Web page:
Alan Johnson says Gordon Brown is unlikely to apologise
Gordon Brown does not have to say sorry for e-mails sent by his adviser that discussed smearing senior Tories, Health Secretary Alan Johnson has said.
"Gordon Brown had nothing to do with this. You apologise for the things you are responsible for," he told the BBC.
Mr Johnson said he felt "some shame" the tactics had been linked to his party, but said the person involved had resigned and the issue was now closed.
Tory leader David Cameron has demanded an apology from the prime minister.
Damian McBride quit as a No 10 special adviser after his e-mails containing unfounded claims about Tory leader David Cameron and shadow chancellor George Osborne became known.
The e-mails were originally sent in January to former government spin doctor Derek Draper, who runs the LabourList blog and was proposing to set up Red Rag, a new gossip-led site.
However, they came to the attention of Paul Staines, author of the "anti-politics" Guido Fawkes blog, who revealed their existence.
Since the revelations emerged Mr Brown has come under pressure from the Conservatives to launch an investigation and issue a public apology.
The stables do need to be cleaned out and it goes beyond the two particular oiks we are obsessed with at the moment
Tony Blair's former economic advisor
But the health secretary told the BBC that as Mr McBride - who took care of strategy and planning at No 10 - had gone immediately after the affair came to light, it was now time to draw a line under the issue.
He said: "There is no place for this in British politics and Gordon Brown has made that clear.
"You couldn't have been clearer or more forthright and of course the special adviser responsible resigned," he said.
"Gordon is not responsible for every single person who works for him, for what they do in their own time."
Mr Johnson said he acknowledged the e-mails were a more serious matter than the type of gossip usually found in political and media organisations.
But he added that their significance had been blown out of proportion by the media because it was "a bank holiday Monday" with few major stories to focus on.
Tony Blair's former economic adviser, Derek Scott, told BBC Radio 4's Today programme that although he did not think Mr Brown was directly responsible, the smear tactics represented a culture that came from the top.
He said: "I think the tone, whether in a business or a political party, is set from above."
"The really damaging thing is they think they are being ultra loyal to Mr Brown and the Labour Party, but in fact they are doing the Labour Party an awful lot of damage.
"The stables do need to be cleaned out and it goes beyond the two particular oiks we are obsessed with at the moment," he added.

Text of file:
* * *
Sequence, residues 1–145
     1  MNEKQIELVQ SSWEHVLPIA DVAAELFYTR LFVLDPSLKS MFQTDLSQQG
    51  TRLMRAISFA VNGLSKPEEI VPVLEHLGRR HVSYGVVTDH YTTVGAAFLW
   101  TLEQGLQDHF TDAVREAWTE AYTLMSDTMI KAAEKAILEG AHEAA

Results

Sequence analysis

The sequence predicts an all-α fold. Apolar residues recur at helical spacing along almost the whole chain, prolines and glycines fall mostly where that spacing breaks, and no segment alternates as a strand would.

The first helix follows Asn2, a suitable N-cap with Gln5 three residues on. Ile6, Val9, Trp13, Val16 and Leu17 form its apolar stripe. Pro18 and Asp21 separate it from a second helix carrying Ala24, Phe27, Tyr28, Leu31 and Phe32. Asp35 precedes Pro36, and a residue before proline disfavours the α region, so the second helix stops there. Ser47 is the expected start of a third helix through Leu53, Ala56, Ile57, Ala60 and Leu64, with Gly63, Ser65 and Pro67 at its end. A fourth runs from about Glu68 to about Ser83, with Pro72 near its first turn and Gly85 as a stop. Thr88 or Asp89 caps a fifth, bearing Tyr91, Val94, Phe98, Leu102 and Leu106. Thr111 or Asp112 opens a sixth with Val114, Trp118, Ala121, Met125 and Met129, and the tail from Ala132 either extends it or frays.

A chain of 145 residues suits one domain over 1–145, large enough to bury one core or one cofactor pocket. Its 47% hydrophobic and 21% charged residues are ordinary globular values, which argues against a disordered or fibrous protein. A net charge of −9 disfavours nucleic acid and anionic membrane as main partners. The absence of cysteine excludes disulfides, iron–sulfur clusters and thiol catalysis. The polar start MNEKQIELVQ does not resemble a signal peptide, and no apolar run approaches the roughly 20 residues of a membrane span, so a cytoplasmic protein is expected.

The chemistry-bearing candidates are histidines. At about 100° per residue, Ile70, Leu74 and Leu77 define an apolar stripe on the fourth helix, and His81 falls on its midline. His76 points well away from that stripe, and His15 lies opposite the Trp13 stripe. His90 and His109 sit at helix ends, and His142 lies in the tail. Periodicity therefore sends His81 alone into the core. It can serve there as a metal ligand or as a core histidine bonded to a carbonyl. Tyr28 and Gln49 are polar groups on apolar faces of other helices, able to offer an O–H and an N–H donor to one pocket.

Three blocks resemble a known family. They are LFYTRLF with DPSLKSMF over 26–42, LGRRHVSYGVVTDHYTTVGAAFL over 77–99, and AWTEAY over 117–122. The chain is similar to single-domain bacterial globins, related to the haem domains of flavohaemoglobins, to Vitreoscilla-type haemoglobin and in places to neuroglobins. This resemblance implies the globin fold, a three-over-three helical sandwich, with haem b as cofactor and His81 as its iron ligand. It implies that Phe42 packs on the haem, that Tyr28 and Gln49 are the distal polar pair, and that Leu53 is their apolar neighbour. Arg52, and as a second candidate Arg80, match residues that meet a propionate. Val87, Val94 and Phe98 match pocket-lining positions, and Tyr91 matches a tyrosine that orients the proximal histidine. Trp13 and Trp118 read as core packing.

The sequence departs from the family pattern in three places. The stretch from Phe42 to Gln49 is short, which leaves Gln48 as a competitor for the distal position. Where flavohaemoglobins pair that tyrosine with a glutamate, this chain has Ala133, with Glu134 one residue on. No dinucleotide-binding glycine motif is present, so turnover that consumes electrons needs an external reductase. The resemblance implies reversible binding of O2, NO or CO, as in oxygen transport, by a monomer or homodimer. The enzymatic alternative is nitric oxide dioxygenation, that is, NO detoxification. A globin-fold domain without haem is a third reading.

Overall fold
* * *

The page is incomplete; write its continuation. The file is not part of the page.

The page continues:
Conservative MP Nadine Dorries: 'We had been warned about a dirty tricks campaign'
Asked whether he felt such a culture prevailed at Number 10, Mr Johnson said: "No, I don't accept that at all and Gordon Brown wouldn't accept that."
Backbench Conservative MP Nadine Dorries, who was the focus of some of the e-mails, said Mr McBride had been made the "fall guy" for the whole debacle.
When asked if the prime minister should apologise, Ms Dorries said: "The buck stops with the prime minister. Damian McBride was his direct employee."
She said conversations about the e-mails had been "going round for some considerable time".
"We've all been warned as Conservative MPs that this dirty tricks campaign was about to be launched. I was contacted months ago about the contents of these e-mails, by the national press."
Ms Dorries has taken legal advice and said she would be making a decision on Tuesday about what action to take.
Shadow foreign secretary William Hague also demanded an apology and an investigation.
And he called for an assurance that neither Damian McBride nor Derek Draper would work for the government or the Labour Party again.
Cabinet Office Minister Liam Byrne earlier said Mr Brown knew nothing of the e-mails and dismissed suggestions of an orchestrated smear campaign.
Mr Staines has refused to reveal how the messages found their way to him, despite complaints from Mr Draper that they were private.
Mr McBride described the first claim as a ''solid investigative story'', but the other three as ''mainly gossipy, and intended to destabilise the Tories".
Mr Draper has apologised to those mentioned in the e-mails and admitted "we should never really have considered the idea and I am sorry we did".
Alastair Campbell, Tony Blair's former spin doctor, wrote in his blog that he had been struck not just by the "unpleasantness" of the e-mails, but also by their "incompetence".
"McBride will be thinking that was his big mistake - writing it all down. His really big mistake was thinking it might be effective," Mr Campbell added.
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